Indie games are my bread and butter for the most part. They remind me of the old days of gaming where ‘fun’ took precedence over things like graphics and story. This game design philosophy began making a comeback when Bizarre Creations, the makers of the Project Gotham Racing series, developed a small title on the side known as Geometry Wars. And Geometry Wars was a clear inspiration for this indie title: Frequent Flyer.
Geometry Wars’ release on the Xbox Live Arcade (or XBLA) was a shining example of both the types of games we could expect from the service as well as the types of games developers should develop for the service. It was fun, simple, and had a striking presentation. So I can’t really blame the two-person team at Cold Wild Games for creating something in that vein. Now don’t get me wrong, Frequent Flyer has a few twists to help distinguish itself from the likes of Geometry Wars but it still very much follows that template.
First, I want to talk about the presentation. From the moment I saw the Steam banner image, I knew this game would have an 8/16-bit aesthetic. And I was right. The entire art style is very reminiscent of the 8 and 16-bit shoot-em-ups of the NES and early arcade days. The music and sound effects follow this design as well. I didn’t really find the graphics all that appealing but they are effective. The backgrounds are mostly bland but they don’t interfere with the action on screen. The enemies, for the most part, are also very easy to spot. Your plane, however, can blend with the background at times, depending on which one you are using and which background you are playing against. Still, this is a minor gripe since it didn’t stop me from playing or enjoying the game.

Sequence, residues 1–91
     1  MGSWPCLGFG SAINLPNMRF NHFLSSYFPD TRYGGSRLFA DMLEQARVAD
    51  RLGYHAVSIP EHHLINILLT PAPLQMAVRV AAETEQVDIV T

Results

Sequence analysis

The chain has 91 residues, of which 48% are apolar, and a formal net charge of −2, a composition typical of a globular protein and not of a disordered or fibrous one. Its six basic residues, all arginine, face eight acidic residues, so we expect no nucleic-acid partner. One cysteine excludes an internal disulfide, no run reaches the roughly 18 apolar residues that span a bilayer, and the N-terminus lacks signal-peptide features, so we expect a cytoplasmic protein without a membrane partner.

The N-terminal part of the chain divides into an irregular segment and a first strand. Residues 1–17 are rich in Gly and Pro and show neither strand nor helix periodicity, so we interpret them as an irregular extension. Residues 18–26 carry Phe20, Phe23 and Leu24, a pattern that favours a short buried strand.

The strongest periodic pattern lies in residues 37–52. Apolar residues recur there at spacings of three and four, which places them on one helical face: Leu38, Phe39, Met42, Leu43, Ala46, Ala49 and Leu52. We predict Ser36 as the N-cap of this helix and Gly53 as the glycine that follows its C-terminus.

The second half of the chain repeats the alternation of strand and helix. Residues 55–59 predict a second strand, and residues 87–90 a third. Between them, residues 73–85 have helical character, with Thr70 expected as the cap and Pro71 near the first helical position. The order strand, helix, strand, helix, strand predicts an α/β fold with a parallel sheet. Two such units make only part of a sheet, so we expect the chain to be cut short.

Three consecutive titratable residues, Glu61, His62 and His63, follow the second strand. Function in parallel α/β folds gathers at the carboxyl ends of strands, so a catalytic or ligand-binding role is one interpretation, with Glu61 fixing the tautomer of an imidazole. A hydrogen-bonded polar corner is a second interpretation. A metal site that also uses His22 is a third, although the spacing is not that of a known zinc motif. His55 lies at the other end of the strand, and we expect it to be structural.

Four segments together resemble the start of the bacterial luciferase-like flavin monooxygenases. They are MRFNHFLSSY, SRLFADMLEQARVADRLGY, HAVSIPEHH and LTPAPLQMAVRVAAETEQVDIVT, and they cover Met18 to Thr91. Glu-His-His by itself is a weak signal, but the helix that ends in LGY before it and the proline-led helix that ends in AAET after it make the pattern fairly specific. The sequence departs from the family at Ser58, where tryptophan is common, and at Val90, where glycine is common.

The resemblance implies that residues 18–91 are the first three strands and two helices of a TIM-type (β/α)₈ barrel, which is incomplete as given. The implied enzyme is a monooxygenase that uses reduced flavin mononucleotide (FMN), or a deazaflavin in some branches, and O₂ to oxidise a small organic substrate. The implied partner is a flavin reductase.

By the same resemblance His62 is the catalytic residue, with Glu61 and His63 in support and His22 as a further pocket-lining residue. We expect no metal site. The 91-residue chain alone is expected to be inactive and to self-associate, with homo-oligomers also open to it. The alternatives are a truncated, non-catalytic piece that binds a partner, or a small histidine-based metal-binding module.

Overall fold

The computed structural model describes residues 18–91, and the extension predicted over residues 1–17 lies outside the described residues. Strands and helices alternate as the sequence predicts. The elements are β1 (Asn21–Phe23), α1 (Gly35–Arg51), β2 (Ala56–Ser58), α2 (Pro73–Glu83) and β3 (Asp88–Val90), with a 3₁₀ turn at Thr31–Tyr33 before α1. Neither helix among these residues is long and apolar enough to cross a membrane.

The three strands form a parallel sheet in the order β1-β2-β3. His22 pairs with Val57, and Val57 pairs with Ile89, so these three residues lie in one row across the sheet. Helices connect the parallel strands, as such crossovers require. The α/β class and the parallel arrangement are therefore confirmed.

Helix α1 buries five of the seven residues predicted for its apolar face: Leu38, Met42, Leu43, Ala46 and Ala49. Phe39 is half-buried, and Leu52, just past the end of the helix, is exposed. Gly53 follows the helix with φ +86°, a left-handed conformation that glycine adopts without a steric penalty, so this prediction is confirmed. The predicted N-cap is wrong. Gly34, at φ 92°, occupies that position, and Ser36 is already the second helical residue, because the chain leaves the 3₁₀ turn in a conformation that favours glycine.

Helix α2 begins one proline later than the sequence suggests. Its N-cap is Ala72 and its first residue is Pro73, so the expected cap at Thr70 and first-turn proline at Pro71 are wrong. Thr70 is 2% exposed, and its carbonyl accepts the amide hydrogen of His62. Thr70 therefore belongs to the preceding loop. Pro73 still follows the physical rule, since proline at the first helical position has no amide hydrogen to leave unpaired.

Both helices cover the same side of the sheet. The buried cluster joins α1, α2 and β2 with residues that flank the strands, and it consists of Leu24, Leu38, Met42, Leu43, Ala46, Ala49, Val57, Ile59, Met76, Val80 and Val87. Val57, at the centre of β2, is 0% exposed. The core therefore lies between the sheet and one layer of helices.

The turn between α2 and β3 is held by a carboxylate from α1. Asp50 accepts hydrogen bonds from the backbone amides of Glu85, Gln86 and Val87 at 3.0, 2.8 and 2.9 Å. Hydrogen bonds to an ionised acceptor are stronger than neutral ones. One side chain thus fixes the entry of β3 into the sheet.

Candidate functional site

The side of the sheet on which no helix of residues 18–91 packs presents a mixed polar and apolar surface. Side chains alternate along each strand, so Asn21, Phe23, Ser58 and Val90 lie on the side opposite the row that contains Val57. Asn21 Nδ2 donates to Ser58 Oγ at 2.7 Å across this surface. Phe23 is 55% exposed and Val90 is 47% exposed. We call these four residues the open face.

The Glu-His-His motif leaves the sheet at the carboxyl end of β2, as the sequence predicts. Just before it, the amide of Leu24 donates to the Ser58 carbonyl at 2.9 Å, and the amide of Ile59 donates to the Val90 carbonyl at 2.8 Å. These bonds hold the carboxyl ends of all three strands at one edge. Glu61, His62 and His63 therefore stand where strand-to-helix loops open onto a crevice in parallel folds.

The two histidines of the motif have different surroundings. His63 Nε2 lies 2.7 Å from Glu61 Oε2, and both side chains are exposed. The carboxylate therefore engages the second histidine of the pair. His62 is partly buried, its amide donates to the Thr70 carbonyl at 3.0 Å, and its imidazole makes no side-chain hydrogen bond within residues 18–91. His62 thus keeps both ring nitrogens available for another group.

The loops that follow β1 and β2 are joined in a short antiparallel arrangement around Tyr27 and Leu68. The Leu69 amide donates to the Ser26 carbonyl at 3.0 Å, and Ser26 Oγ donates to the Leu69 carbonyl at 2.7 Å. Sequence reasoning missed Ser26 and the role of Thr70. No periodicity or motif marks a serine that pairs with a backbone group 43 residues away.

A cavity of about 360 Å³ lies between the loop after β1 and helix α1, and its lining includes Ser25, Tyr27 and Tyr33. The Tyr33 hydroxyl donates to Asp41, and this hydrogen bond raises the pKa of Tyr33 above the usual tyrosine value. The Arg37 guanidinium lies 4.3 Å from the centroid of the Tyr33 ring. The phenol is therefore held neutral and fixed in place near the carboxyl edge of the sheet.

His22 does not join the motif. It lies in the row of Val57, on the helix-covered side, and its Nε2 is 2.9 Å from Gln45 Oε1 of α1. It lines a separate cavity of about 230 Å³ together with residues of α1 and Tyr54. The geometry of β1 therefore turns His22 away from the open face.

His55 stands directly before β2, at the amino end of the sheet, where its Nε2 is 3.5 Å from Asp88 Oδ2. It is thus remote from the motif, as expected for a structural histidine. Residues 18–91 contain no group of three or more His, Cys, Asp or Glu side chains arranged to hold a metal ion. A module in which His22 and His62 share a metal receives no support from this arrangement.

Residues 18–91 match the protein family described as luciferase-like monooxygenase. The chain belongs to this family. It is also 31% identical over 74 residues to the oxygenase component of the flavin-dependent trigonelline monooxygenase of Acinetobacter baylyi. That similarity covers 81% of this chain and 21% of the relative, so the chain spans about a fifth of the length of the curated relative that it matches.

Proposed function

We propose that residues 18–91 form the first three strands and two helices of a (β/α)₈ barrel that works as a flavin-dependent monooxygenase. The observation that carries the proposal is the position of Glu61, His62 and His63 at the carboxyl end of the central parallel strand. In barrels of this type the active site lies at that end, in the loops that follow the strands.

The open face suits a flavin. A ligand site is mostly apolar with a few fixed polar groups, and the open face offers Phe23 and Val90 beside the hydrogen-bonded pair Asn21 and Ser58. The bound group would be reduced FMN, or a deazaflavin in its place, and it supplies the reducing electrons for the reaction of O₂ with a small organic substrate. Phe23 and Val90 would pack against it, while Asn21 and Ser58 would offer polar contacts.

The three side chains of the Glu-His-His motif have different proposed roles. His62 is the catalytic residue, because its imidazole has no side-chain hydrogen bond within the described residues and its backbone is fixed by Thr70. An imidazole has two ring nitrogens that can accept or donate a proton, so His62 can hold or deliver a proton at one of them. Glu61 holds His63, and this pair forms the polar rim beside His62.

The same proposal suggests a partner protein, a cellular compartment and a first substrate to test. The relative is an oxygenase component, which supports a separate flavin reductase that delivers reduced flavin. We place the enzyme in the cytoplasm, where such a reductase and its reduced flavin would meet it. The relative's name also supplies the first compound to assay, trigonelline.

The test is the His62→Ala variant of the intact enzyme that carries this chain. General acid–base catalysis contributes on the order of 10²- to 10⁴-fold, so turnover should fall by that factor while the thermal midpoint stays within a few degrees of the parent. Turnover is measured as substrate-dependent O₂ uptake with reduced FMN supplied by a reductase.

The music here is well done and effective for the type of game this is. It is almost like an 8-bit rendition of the type of music you’d hear in a Geometry Wars game. Very upbeat and catchy – just the way it should be. Would I listen to this soundtrack outside of the game? Probably not but it is still a standout soundtrack in my opinion.
The gameplay, as I stated before, is very much inspired by Geometry Wars so, as you might expect, this is almost more of a twin stick shooter than a traditional vertical or horizontal scrolling shoot-em-up. Interestingly enough, this plays most like the arcade game Astroids; you move your plane in any direction with the left stick and whichever direction you are facing is the direction you shoot your weapon. This method seems to help keep things from getting as frantic as Geometry Wars, which I appreciate. Don’t get me wrong, this game still delivers a challenge. It just makes your mistakes feel more like your mistakes.